What Can I Do to Promote Energy Conservation with Trees in My Community?

Creating Healthy Communities, Trees for Energy Conservation August 26, 2013 Print Friendly and PDF

The best ways to promote energy conservation with trees in your community are educating others about the benefits of urban trees, advocating for tree planting and protection, and taking action to increase local tree canopy cover.

Although most people can appreciate the comforting shade of a tree on a hot summer's day, many do not realize how large an impact that trees can have on energy consumption for both cooling and heating buildings. Therefore, most people under-estimate the energy conservation benefits that trees can provide. Without this awareness, people are not inspired to plant trees on their property or support public efforts to increase tree canopy cover. So start by educating yourself about tree benefits and then share this knowledge with community members and decision-makers.

Your own yard provides you with a great opportunity to take action to increase your community’s tree canopy and will directly benefit your own energy conservation efforts. After educating yourself about trees and energy conservation, put that knowledge to work by planting appropriate trees in suitable locations on your property. And then invite others to your property to see how trees can be put to work on conserving energy. Lead by example!

Don't despair if you don't own your residence or if you live in a multi-family complex. Communities often collectively own open space, parks, greenways, or playgrounds where tree canopy cover can be increased. Local associations are also a good pipeline for educating neighbors about tree planting for energy conservation. Information can be disseminated to neighbors through newsletters, door hangers, and social media. Community groups or homeowners associations can benefit from purchasing trees in bulk at reduced unit cost, and these costs can be shared collectively through association fees or dues.

People are educated and persuaded in different ways. For the tech-savvy, an alternative strategy for demonstrating the benefits of trees might be found in a web application called i-Tree Design. This application, developed by US Forest Service and Davey Resource Group, allows users to see the monetary benefits of planting hypothetical trees around their homes. The convincing part of this program is that it uses the actual residence plotted on Google Maps. And it shows how tree benefits increase through time as trees grow larger.

 

Beyond your neighborhood, there are opportunities to expand the message of tree benefits across your town or city. Many organizations work to address green space conservation in urban and suburban areas. Civic groups, non-profits, and local government are commonly interested in improving the quality of life in their communities. Trees are often a unifying theme for these groups working to improve quality of life. Working as a part of one of these groups to increase canopy cover over streets, parking lots, and plazas not only beautifies these areas, but can also help conserve energy by mitigating the heat island effect of these expansive built spaces.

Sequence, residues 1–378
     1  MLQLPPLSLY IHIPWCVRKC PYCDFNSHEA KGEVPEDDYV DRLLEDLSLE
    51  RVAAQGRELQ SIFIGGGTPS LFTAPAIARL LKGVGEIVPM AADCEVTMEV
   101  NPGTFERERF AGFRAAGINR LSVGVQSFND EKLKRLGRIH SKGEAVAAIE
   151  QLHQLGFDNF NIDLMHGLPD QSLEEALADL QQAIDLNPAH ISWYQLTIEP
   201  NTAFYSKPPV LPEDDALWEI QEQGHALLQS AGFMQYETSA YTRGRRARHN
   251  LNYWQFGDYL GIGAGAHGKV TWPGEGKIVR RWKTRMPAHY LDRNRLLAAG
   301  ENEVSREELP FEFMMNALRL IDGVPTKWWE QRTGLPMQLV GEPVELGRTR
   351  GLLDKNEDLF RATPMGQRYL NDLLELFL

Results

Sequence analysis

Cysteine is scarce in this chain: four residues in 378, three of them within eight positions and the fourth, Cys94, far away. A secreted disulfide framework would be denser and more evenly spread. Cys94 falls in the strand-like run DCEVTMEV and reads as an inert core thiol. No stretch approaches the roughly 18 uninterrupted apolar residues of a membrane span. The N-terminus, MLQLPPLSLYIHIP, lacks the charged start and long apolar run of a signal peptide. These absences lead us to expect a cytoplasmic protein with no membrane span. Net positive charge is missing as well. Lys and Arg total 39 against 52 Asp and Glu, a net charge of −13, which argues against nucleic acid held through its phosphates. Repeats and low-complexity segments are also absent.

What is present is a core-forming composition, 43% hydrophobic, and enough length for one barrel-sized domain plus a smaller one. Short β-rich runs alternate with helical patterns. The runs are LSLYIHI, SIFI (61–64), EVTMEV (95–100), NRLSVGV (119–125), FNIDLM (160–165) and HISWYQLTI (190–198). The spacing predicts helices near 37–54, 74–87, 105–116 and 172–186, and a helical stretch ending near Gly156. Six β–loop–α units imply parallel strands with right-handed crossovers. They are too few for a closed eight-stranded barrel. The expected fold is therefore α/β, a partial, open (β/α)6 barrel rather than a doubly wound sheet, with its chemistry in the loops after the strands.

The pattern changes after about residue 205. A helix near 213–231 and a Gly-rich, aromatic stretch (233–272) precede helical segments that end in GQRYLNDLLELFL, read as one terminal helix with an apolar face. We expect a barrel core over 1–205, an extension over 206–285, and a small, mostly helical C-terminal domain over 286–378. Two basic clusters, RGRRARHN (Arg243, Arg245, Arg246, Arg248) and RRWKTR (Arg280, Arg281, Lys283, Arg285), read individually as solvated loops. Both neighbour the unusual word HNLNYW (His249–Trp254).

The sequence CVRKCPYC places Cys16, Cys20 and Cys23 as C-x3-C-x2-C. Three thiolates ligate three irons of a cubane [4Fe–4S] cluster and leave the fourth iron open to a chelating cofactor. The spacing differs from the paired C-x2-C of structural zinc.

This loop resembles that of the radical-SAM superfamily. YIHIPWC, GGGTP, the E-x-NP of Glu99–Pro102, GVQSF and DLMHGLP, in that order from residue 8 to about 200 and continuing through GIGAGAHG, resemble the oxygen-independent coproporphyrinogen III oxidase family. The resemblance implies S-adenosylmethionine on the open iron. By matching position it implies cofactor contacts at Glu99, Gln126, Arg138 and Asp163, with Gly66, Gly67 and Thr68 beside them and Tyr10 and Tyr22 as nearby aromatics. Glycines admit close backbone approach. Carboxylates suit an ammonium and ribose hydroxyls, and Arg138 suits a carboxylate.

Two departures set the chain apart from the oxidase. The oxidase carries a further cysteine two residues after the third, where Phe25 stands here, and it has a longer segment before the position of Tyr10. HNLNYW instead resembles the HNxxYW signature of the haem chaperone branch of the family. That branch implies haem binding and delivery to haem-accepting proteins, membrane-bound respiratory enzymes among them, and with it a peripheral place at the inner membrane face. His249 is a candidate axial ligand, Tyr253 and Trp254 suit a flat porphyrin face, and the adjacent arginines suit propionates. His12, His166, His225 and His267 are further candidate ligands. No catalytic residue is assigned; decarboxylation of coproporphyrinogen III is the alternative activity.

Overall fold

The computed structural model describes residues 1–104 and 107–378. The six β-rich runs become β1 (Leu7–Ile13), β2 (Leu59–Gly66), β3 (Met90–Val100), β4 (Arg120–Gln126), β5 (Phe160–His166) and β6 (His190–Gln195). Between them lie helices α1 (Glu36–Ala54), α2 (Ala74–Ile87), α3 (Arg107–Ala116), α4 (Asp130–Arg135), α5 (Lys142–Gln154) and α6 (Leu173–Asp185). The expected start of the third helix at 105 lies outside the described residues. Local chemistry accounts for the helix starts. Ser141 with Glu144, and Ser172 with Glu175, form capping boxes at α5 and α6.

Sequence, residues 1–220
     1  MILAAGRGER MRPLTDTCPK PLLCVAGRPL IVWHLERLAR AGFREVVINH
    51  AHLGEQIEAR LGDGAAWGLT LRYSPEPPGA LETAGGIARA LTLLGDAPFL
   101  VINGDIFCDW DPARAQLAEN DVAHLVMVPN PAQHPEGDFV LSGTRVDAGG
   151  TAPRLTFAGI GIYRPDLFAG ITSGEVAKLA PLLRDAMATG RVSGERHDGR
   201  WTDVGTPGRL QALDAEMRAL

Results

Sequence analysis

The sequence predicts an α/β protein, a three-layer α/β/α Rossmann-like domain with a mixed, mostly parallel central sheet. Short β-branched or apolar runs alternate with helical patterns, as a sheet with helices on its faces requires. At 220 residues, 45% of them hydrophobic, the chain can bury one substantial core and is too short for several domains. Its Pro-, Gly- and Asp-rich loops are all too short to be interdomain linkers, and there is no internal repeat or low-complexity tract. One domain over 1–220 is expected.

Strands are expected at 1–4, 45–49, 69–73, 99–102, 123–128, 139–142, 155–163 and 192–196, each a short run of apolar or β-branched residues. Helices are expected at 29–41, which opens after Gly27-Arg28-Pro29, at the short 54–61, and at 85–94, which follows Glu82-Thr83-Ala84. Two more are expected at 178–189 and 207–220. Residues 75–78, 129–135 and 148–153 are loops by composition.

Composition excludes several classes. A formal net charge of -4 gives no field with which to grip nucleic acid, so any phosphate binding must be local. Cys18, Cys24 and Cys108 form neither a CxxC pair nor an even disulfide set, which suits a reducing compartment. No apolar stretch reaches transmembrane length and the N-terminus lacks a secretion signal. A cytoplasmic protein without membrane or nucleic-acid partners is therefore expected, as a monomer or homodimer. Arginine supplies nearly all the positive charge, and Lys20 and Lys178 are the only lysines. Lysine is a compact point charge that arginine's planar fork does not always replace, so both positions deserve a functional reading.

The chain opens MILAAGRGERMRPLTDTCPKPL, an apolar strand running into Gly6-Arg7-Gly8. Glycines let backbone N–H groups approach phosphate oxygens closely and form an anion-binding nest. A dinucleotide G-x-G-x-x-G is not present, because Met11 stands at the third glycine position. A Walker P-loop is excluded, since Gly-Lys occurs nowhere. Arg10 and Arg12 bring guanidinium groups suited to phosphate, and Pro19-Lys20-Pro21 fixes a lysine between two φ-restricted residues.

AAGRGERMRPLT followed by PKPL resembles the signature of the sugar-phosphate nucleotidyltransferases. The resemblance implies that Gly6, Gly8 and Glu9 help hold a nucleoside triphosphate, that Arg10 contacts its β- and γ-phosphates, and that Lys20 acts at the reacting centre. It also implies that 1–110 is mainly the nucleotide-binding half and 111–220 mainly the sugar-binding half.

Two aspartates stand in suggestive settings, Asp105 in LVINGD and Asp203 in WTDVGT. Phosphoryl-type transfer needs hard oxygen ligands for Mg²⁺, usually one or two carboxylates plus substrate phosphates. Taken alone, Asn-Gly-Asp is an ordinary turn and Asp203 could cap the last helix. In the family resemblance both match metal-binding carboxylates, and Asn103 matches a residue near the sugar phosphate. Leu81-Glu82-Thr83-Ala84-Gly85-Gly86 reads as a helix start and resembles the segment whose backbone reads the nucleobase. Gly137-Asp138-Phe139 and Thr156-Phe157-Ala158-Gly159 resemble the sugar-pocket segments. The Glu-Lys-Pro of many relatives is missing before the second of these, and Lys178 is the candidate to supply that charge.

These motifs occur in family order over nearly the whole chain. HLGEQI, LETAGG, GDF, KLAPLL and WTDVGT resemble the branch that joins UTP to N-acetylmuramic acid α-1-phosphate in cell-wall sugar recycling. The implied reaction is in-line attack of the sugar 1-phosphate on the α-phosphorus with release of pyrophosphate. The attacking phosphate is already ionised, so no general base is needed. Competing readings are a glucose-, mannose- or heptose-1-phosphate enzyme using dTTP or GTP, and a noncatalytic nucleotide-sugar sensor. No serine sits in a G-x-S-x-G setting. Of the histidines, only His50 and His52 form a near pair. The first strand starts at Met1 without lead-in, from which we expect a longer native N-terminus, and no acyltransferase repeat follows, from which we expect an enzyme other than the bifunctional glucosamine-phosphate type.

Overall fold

Working with local government through advocacy roles, citizens can often influence policy and practice in their communities to help improve energy conservation by working to implement good urban forestry practices. Some actions to consider that can improve community level energy conservation using trees:

  • Examine the municipality’s ordinances to determine if there are local regulations for the planting and conservation of trees and forests.  
  • Advocate for a tree protection ordinance that regulates tree removal and replacement during the land development process.
  • Advocate for a landscape ordinance that requires tree planting on multi-family residential and commercial properties, with particular emphasis on shading buildings and parking lots.
  • Advocate for requirement of tree removal permits to minimize arbitrary tree removals.
  • Examine the municipality’s zoning and comprehensive plan to determine if tree and forest conservation are being carefully considered as part of the land use and development process.
Photo Credit: Raina Sheridan

Two municipal government divisions are typically engaged in tree and forest management at the local level: the Department of Public Works and the Department of Parks and Recreation. Interested citizens may have opportunities to become involved in these departments through citizen advisory councils or volunteer projects.

Other practices to help promote energy conservation in your community using trees include:

  • Seeking out public and private partnerships to promote and support tree planting efforts.
  • Creating a local volunteer group for trees.
  • Educating the community about energy conservation benefits of trees.

 

By: Eric Wiseman, Associate Professor, Dept. of Forest Resources & Environmental Conservation, Virginia Tech

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This work is supported by the USDA National Institute of Food and Agriculture, New Technologies for Ag Extension project.